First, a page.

The present funding for adaptation is ridiculous and cynical, by comparison with the huge costs of climate related catastrophes, like Cyclone Nargis in Burma. According to the UNDP’s (under)estimation, the adaptation budget needed to prevent catastrophes in the South will be 85 billion dollars a year in 2015. Who will pay?
Another example of unfairness is the use of overseas carbon credits. At the moment, in Europe, the ceiling is 280 Mt/yr. Since the emissions reduction is about 130 Mt/yr, this means Europe could completely fulfill its commitments without reducing its own emissions at all. In other words, the ceiling is a hoax. One must ask, what remains of the “common but differentiated” principle? What remains in practice of the Kyoto policy that Clean Development Mechanism credits should only be used as “complements” to domestic measures in the developed countries? Very little, indeed! Actually, the South will be the site both of catastrophes and of support for most (insufficient) reduction efforts in the North. This is the neoliberal climate scenario.
It should be stressed that climate policy is unfair in rich countries, too. Today, governments blame the population for climate change, exhort everybody to do more and pay more in order to save the climate.
They do not themselves set an example, as their rising military budgets show. Instead each of us has to change personal behaviour, and question our consumerism. Of course we must try to be green, as far as it is possible in this society — and yes, it makes a difference. But the mess won’t be cleaned up by individual actions alone, far from it. Structural changes are necessary in the building, energy and transportation sectors. Because they’re not profitable, public investment is needed in public services. This raises the same question as in developing countries: who will pay?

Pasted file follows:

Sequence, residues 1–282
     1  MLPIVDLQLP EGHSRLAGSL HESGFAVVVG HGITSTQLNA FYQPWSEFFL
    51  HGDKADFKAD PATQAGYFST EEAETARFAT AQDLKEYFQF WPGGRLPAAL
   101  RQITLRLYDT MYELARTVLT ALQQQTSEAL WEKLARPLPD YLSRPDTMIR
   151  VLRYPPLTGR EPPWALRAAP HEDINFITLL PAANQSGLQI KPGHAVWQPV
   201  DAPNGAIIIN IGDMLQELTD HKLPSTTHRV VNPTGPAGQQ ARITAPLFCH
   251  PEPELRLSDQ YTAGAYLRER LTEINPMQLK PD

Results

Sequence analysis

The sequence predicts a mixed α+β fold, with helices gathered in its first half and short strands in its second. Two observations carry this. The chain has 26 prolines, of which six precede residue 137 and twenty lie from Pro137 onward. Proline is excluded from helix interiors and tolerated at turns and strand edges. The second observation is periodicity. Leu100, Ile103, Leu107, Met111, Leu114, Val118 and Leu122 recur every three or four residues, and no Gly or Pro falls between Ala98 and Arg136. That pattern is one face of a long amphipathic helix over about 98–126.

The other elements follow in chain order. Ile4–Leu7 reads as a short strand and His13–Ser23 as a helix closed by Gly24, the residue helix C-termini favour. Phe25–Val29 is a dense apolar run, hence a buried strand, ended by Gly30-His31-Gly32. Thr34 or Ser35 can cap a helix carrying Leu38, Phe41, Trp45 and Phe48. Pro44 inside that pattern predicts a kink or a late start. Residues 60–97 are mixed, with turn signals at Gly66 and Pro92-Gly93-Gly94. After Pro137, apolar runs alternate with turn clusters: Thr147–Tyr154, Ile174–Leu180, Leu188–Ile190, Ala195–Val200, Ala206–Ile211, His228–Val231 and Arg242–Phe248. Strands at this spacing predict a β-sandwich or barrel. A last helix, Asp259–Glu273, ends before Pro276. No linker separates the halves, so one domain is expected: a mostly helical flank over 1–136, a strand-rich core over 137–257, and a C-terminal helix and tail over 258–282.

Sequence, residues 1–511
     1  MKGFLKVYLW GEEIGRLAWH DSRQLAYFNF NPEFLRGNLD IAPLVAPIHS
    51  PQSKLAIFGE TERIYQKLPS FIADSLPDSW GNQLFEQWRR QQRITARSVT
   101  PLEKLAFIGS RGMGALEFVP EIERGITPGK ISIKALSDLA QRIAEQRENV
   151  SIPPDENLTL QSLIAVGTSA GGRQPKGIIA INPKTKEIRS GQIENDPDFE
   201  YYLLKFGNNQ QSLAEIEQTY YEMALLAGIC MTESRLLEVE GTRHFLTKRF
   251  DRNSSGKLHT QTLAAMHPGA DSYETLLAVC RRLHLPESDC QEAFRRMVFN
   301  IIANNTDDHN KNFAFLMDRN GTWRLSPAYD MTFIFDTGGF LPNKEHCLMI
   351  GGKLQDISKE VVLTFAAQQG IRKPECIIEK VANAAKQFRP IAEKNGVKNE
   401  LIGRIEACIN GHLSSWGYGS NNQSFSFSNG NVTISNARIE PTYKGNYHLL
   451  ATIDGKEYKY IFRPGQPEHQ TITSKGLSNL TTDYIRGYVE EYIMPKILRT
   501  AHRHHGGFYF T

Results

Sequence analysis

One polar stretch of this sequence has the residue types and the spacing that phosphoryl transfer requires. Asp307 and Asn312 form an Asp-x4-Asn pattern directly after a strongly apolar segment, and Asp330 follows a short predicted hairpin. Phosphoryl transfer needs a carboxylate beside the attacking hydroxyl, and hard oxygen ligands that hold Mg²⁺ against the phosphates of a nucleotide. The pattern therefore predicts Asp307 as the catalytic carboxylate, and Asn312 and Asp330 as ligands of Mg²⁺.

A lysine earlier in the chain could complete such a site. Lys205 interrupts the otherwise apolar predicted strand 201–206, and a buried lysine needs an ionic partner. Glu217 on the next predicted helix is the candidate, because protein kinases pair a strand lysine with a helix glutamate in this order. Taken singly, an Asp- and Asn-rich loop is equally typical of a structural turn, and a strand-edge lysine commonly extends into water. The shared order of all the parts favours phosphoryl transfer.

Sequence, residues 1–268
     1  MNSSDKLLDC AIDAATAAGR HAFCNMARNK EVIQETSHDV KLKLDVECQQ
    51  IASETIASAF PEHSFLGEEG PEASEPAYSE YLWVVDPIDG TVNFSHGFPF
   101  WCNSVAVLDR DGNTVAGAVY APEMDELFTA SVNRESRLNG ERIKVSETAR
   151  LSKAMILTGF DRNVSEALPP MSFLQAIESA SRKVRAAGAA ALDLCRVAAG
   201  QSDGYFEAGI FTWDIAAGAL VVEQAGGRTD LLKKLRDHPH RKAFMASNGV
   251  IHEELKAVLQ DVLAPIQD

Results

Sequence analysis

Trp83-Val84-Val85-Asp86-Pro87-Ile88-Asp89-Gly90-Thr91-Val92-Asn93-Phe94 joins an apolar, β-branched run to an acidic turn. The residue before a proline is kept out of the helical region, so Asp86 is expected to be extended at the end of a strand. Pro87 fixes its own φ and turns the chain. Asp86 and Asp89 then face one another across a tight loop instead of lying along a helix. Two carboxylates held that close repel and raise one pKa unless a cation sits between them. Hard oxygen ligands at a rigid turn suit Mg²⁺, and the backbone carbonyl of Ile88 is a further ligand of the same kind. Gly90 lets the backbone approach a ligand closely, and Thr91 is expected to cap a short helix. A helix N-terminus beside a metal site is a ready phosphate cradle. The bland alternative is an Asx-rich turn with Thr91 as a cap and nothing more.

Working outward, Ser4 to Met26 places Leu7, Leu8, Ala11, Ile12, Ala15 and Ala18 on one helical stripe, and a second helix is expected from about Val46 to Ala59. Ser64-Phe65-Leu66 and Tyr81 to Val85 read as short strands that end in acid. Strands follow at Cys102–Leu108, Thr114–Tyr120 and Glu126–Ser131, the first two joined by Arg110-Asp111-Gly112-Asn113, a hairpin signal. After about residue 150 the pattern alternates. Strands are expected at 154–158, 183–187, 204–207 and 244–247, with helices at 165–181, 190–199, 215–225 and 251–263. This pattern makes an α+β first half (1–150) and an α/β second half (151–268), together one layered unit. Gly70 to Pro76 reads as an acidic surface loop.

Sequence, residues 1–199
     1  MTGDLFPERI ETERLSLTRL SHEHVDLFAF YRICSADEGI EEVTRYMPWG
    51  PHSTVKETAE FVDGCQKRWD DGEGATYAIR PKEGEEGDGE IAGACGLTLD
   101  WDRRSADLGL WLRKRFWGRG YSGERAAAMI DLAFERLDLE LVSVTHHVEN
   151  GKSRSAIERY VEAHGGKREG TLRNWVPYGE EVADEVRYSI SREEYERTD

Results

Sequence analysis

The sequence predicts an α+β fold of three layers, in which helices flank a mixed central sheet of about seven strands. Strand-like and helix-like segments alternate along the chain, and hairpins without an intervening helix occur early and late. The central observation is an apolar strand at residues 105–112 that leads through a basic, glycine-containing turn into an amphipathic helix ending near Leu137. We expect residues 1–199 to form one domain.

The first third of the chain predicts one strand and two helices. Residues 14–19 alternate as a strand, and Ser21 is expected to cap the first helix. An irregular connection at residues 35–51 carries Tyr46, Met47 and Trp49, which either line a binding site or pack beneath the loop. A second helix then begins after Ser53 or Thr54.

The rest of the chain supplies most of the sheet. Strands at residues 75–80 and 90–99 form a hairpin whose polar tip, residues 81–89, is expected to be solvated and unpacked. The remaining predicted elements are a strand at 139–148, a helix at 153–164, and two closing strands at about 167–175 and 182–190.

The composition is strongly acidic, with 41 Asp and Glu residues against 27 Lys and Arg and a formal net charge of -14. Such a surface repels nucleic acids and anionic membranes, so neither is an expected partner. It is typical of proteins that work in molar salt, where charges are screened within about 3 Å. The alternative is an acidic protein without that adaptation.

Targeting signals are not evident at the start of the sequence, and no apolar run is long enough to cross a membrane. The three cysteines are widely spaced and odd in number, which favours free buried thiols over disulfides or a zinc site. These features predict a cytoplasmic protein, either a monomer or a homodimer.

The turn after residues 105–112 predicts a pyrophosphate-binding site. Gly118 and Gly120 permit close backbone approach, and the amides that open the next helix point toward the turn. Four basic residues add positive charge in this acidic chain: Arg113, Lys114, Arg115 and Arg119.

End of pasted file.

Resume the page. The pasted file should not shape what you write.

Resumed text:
There is a parallel between North and South: in our view, the common but differentiated responsibility principle should apply in the North, too. Big business should pay the major part of the bill. If that doesn’t happen, there is a serious risk that some peoples’ groups and sectors will oppose environmental policies in name of keeping prices down.
Climate and Social Justice is far from representing the entire climate movement in Belgium. We are a left current. While collaborating to build the broadest possible mobilization, we want to spread our message: it is absolutely necessary to mainstream the climate issue in the workers’ and poor people’s struggles against neoliberal policies. This means more than just “linking the social and environmental challenges.” The profound transformation of world society that is needed to avoid catastrophic climate change, is also a profound social and thus political question. Real democracy and a huge redistribution of wealth will be essential for its success.
I started this speech saying you had been an example for us. You are an example for others, too. New countries, including France and others, will join the mobilization this year. Hold on! All together, let us fight for an international climate treaty that is both environmentally efficient and socially just!